That leads to one more question: How will we lead this challenge?

 

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Cathy N. Davidson is co-founder of HASTAC, and author of The Future of Thinking:  Learning Institutions for a Digital Age (with HASTAC co-founder David Theo Goldberg), and  Now You See It:  How the Brain Science of Attention Will Transform the Way We Live, Work, and Learn (Viking Press). She is co-PI on the HASTAC/MacArthur Foundation Digital Media and Learning Competitions.   NOTE:  The views expressed in Cat in the Stack blogs and in NOW YOU SEE IT are solely those of the author and not of HASTAC, nor of any institution or organization. Davidson also writes on her own author blog,  www.nowyouseeit.net [NYSI cover]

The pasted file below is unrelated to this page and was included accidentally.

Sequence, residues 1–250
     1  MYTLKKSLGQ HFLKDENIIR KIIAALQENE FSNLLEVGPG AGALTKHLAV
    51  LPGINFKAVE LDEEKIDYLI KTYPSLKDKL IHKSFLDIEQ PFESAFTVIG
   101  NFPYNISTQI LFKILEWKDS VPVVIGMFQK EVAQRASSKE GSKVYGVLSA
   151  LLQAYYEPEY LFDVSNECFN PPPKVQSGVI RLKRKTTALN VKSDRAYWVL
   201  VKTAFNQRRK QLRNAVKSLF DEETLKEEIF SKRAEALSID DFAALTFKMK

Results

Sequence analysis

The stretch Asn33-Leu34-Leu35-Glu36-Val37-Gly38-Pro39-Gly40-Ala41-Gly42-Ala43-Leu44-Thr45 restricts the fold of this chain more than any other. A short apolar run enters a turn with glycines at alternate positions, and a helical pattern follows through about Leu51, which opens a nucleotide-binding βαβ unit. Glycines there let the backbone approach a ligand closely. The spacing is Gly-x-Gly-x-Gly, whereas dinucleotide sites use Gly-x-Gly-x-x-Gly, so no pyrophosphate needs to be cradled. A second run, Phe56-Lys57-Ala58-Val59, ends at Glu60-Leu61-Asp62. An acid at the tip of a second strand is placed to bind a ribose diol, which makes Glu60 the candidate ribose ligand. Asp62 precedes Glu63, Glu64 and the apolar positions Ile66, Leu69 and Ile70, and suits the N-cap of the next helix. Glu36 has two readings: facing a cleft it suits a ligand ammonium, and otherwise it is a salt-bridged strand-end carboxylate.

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My scientific friends like to joke about SLA's--Six Letter Acronyms.   We came up with the unwieldy acronym (everyone just says "haystack":  thank goodness!) at a meeting at the National Science Foundation that brought together, you guessed it, Humanists, Artists, Scientists (social, natural, biological, computational), and Technologists in what started as an Academic Collaboratory until we realized about one-third of us were not academics in the conventional sense (i.e. entrepreneurs, programmers, librarians, K-12 teachers, community activists, multimedia innovators) so then we went with a familiar NSF designation:  Advanced Collaboratory.   A mouthful.   But we've always been happy to be that flexible, to let participation be open to anyone who respects our community values and who participates constructively and creatively.   And we've been happy to be called "Digital Humanists" or not.   It's the most widely used term these days (even by my old boss Stanley Fish who, to my knowledge, doesn't even much use email and certainly not much else "digital") . . . but all of the above is about, of course, the HASTAC version of "digital humanities."